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2. Supramolecular chemistry refers to the area of chemistry beyond the molecules and focuses on the chemical systems made up of a discrete number of assembled molecular subunits or components. The forces responsible for the spatial organization may vary from weak (intermolecular forces, electrostatic or hydrogen bonding) to strong (covalent bonding), provided that the degree of electronic coupling between the molecular component remains small with respect to relevant energy parameters of the component. Traditional chemistry focuses on the covalent bond, supramolecular chemistry examines the weaker and reversible noncovalent interactions between molecules. These forces include hydrogen bonding, metal coordination, hydrophobic forces, van der Waals forces, pi-pi interactions and electrostatic effects. Important concepts that have been demonstrated by supramolecular chemistry include molecular self-assembly, folding, molecular recognition, host-guest chemistry, mechanically-interlocked molecular architectures, and dynamic covalent chemistry. The study of non-covalent interactions is crucial to understanding many biological processes from cell structure to vision that rely on these forces for structure and function. Biological systems are often the inspiration for supramolecular research.” (Wikipedia, Supramolecular Chemistry, 8/17/2011)
1. “Supramolecular structures are created from organic compounds which are formed from the non-covalent bonding of monomer, oligomer or polymeric core modules as building blocks. The most important feature of supramolecular chemistry is that the building blocks are reversibly held together by intermolecular forces--non-covalent self-assembly. The bond formation between atoms in molecular chemistry is based on covalent assembly, which is kinetically or thermodynamically controlled. This non-covalent synthesis enables the building up of supramolecular entities having architectures and features that are sometimes extremely difficult to prepare by covalent synthesis.”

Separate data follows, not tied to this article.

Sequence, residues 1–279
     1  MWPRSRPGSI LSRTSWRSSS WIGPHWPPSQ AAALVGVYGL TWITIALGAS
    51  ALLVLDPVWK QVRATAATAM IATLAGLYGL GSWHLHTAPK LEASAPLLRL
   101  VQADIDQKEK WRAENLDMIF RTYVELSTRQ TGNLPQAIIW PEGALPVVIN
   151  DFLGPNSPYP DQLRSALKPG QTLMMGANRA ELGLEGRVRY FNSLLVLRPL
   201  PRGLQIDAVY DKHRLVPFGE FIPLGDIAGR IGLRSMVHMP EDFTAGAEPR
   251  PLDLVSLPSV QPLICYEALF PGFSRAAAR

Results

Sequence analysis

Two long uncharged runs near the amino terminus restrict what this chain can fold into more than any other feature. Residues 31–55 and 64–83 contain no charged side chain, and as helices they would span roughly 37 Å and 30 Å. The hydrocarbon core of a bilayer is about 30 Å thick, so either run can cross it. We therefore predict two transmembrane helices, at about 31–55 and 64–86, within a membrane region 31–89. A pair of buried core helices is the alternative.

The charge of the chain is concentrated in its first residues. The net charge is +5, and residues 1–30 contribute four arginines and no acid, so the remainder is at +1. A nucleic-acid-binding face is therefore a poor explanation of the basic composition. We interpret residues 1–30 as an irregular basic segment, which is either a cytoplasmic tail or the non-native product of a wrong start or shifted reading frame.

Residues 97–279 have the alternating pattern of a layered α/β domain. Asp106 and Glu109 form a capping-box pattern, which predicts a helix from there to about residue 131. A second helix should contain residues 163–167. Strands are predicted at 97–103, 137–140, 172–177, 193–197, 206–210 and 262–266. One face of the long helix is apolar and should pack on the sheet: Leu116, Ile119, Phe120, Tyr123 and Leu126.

“The use of self-complimentary hydrogen bonding in a supramolecular structure is an example of a strong, in terms of bond strength, non-covalent association where hydrogen bonds are the only force keeping the core modules together. These structures exist under thermodynamic equilibrium so can be used to generate supramolecular polymers which respond to a change in external stimuli (e.g. temperature or solvent). The use of quadruple hydrogen bonds has been demonstrated to increase both the strength and specificity of hydrogen bonding interactions. Supramolecular materials are required to exhibit a broad range of properties because of their many industrial applications, for example, in thermoplastic elastomers, cosmetics and superglues.”
“The physical properties of supramolecular materials (e.g. glass transition temperature, melting point, viscosity) can be tailored according to the polymer, the core modules used, the synthesis method and the type of hydrogen bonding array used. Also, synthesis of core modules capable of forming strong hydrogen bonds is particularly desirable. The synthesis of supramolecular polymers based on the self-assembly of DDAA modules (Donor and Acceptor) has previously been reported in WO 98/14504 as being mainly restricted to the ureidopyrimidinones (UPy). UPy modules have been chemically incorporated within polymers to produce supramolecular materials with improved processing properties in melt or solution whilst maintaining physical properties in the solid state.”
[Bala et al, US Patent 8,076,436 (12/13/2011)]
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These pages list the links as they are found. Some will abstracted and added to Maro Topics. (RDC 2/7/2012)
Roger D. Corneliussen
Maro Polymer Links
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Copyright 2012 by Roger D. Corneliussen.
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* Date of latest addition; date of first entry is 8/17/2011.